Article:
Wednesday, January 31, 2007

In the lucky third

I read in today's paper that in any given year, only a third of the Earth gets any snow. We definitely now live in the lucky third.

Attentive readers will be able to guess where this snowball wound up.

Monday, January 29, 2007

The long road of George Jones

"I would have played for nothing as long as somebody would have fed me."

Sydney's faculty page

I haven't decided what to charge her for the photos.

The Assemblies of Yahweh

Also on my Sunday drive, I passed radio station WMLK in Pethel, Pa., which caught my eye because I wondered whether the call letters stood for Martin Luther King. But no; the billboard said this was the broadcasting arm of the Assemblies of Yahweh, which I looked up when I got home.

Based in Bethel, Pa., this is the largest church in the Sacred Name Movement, a Depression-era outgrowth of the Adventist movement that asserts the authority of the Old Testament, the observance of Jewish festivals and -- you guessed it -- the correct name of the divine. At the Assemblies of Yahweh website, the Statement of Doctrine reads, in part:
We affirm that it is necessary and most important to our salvation that we accept the revealed, personal Name of our Heavenly Father YAHWEH and the Name of His Son, our Savior YAHSHUA the MESSIAH. We affirm also that the most accurate transliteration of these Names from the Hebrew into the English is by the spellings employed above, Exodus 3:14-15; Psalm 68:4; Psalm 83:18; Isaiah 42:8; Isaiah 52:6; Acts 4:12.
The Assemblies of Yahweh was founded in 1969 by Jacob O. Meyer, who was fed up with the other Sacred Name churches; since then, other Sacred Name churches have been created by folks fed up with the Assemblies of Yahweh. Such is the story of Protestantism.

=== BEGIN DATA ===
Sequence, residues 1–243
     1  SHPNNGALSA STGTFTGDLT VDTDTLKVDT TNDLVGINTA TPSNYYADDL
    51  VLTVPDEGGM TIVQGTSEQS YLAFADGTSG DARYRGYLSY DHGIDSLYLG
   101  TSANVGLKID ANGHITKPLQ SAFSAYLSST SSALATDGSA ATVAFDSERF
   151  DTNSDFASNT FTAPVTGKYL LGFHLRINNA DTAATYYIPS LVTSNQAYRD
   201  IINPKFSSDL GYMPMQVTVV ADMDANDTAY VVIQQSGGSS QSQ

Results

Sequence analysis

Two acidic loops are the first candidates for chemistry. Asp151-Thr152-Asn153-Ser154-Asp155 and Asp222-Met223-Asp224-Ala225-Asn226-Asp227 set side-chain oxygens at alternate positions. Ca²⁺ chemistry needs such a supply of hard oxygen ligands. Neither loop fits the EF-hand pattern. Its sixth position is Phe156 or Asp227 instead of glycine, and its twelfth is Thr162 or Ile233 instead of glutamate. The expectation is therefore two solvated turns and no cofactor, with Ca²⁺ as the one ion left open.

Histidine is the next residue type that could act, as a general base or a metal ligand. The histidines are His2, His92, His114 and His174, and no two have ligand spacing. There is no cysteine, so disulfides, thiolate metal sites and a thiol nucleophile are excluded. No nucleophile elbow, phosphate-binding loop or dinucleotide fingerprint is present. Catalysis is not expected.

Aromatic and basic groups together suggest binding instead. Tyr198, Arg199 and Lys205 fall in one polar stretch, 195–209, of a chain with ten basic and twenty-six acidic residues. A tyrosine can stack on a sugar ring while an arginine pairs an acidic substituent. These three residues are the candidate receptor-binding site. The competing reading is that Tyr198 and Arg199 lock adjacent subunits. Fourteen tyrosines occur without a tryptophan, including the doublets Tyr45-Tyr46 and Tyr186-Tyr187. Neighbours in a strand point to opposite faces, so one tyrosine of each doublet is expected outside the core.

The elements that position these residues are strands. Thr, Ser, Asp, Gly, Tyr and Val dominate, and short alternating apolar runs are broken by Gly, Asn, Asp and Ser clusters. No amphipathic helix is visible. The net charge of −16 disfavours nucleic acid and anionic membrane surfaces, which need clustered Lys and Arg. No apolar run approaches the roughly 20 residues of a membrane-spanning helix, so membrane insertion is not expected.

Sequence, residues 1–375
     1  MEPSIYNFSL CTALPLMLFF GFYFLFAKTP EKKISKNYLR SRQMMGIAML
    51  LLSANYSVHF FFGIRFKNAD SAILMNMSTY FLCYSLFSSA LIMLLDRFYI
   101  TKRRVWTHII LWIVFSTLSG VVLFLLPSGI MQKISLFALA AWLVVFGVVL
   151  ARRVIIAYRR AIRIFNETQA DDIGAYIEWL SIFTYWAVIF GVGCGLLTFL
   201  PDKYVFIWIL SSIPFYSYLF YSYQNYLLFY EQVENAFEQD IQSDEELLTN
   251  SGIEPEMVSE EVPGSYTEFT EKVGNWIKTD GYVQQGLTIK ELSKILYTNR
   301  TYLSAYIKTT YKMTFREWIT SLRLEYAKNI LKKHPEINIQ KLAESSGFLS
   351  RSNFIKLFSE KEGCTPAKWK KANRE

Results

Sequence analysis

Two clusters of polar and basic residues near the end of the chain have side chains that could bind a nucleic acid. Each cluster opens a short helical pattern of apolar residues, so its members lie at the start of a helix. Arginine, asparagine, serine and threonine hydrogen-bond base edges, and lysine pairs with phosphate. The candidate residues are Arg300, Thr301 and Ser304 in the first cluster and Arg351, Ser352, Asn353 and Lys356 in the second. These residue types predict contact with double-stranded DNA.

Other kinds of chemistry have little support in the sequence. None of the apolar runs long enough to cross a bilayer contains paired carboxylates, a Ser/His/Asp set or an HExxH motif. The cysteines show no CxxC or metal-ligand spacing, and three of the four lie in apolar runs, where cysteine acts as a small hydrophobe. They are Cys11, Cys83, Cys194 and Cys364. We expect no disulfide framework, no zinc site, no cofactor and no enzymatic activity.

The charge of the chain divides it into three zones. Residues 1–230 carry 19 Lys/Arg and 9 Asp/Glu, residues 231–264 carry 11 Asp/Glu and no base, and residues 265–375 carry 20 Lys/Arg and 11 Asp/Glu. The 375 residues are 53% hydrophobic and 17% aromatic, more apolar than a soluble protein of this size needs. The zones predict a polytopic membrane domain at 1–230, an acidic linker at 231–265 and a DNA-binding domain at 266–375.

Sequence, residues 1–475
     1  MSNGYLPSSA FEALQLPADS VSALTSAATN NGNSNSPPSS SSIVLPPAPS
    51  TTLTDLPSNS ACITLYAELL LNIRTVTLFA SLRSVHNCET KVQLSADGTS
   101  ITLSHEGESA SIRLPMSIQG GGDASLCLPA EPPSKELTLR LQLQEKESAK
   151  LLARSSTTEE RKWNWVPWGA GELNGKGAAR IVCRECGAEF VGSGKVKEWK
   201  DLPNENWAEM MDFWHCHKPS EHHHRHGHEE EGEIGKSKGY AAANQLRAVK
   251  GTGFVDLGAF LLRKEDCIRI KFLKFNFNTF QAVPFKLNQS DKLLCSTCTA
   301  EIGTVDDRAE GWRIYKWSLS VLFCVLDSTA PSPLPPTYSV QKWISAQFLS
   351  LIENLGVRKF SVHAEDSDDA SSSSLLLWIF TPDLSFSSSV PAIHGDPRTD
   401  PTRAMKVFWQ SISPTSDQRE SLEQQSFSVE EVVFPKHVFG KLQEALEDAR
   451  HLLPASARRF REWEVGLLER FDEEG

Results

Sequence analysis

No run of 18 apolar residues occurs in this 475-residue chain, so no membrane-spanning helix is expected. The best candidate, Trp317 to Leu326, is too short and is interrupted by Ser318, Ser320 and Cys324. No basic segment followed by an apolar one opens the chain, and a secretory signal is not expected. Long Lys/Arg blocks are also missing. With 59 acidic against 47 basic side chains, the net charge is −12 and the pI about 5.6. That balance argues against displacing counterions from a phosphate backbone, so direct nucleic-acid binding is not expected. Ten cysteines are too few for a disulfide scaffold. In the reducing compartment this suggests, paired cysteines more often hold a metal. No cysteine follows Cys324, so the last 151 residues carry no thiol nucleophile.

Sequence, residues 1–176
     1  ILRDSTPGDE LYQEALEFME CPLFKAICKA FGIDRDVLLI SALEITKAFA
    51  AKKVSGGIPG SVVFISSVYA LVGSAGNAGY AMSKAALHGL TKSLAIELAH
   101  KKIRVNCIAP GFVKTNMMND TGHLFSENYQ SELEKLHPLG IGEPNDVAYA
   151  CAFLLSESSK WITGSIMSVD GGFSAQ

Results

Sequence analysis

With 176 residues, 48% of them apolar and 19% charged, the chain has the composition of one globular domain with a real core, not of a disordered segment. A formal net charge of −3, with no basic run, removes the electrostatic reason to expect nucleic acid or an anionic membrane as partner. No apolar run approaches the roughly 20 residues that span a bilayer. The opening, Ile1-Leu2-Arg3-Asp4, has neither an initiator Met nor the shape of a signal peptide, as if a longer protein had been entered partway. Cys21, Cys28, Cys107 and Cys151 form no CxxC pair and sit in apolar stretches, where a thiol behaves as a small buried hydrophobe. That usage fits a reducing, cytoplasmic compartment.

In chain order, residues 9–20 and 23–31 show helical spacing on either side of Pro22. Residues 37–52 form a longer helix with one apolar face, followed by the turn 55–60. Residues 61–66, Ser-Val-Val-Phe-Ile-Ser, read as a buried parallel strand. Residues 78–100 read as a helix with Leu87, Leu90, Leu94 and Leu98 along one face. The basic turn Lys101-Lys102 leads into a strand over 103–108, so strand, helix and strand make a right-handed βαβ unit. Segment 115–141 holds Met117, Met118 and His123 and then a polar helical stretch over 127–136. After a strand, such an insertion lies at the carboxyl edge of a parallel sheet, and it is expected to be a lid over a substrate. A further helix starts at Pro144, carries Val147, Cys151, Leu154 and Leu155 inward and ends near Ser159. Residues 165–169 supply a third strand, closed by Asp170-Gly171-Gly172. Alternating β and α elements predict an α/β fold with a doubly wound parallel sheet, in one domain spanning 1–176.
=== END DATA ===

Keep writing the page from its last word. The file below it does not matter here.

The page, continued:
Roadside America

While driving through Shartlesville, Pa., yesterday, intent on getting home before night and snow fell, I passed Roadside America. Next time through, I'll do my best to stop at this venerable attraction, a 6,000-square-foot miniature village that was the life's work of self-taught artist Laurence Gieringer. Here's the writeup at the invaluable (if unrelated) Roadside America website.

For a very different miniature-village experience, I recommend my hero Jeffrey Ford's excellent novella "Botch Town," in his excellent collection The Empire of Ice Cream.

Saturday, January 20, 2007

1 a.m. Feb. 3, 1959, 5 miles northwest of Mason City, Iowa

That's the time, date and place of the Beechcraft Bonanza crash that killed rock stars Buddy Holly, Ritchie Valens and J.P. "The Big Bopper" Richardson, as well as 21-year-old pilot Roger Peterson.

Now Richardson's son Jay, who does tribute shows as "The Big Bopper Jr.," is having his dad's body examined by forensic anthropologist Bill Bass, founder of the University of Tennessee's "Body Farm." The younger Richardson says he hopes to put some longstanding rumors and doubts to rest.